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Brain Behav Immun. 2013 Mar;30 Suppl:S58-67. doi: 10.1016/j.bbi.2012.05.002. Epub 2012 May 24.

Sleep disturbance, inflammation and depression risk in cancer survivors.

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1
University of California, Los Angeles - Cousins Center for Psychoneuroimmunology, Semel Institute for Neuroscience and Department of Psychiatry and Biobehavioral Sciences, David Geffen School of Medicine, CA 90095-7076, USA. mirwin1@ucla.edu

Abstract

Over two-thirds of the 11.4 million cancer survivors in the United States can expect long-term survival, with many others living with cancer as a chronic disease controlled by ongoing therapy. However, behavioral co-morbidities often arise during treatment and persist long-term to complicate survival and reduce quality of life. In this review, the inter-relationships between cancer, depression, and sleep disturbance are described, with a focus on the role of sleep disturbance as a risk factor for depression. Increasing evidence also links alterations in inflammatory biology dynamics to these long-term effects of cancer diagnosis and treatment, and the hypothesis that sleep disturbance drives inflammation, which together contribute to depression, is discussed. Better understanding of the associations between inflammation and behavioral co-morbidities has the potential to refine prediction of risk and development of strategies for the prevention and treatment of sleep disturbance and depression in cancer survivors.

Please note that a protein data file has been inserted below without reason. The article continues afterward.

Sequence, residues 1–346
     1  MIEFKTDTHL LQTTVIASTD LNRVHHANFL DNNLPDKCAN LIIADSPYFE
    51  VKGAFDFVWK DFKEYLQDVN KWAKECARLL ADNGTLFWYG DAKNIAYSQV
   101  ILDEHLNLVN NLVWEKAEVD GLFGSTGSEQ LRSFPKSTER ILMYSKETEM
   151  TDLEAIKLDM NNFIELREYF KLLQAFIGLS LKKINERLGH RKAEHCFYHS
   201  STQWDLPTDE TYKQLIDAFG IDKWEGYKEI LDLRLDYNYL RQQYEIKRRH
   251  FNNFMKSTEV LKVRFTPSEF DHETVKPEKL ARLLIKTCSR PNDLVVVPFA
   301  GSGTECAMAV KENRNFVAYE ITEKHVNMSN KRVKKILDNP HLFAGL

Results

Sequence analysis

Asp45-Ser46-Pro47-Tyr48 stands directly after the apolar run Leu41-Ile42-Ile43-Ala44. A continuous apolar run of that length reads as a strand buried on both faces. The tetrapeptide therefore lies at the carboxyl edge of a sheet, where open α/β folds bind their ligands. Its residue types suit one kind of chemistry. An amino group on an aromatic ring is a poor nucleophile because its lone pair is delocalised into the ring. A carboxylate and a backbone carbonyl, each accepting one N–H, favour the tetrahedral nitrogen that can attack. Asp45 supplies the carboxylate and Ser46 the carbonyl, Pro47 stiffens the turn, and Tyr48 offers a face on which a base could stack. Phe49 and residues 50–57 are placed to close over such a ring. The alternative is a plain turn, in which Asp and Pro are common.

PMID:
22634367
PMCID:
PMC3435451
DOI:
10.1016/j.bbi.2012.05.002
[Indexed for MEDLINE]
Free PMC Article
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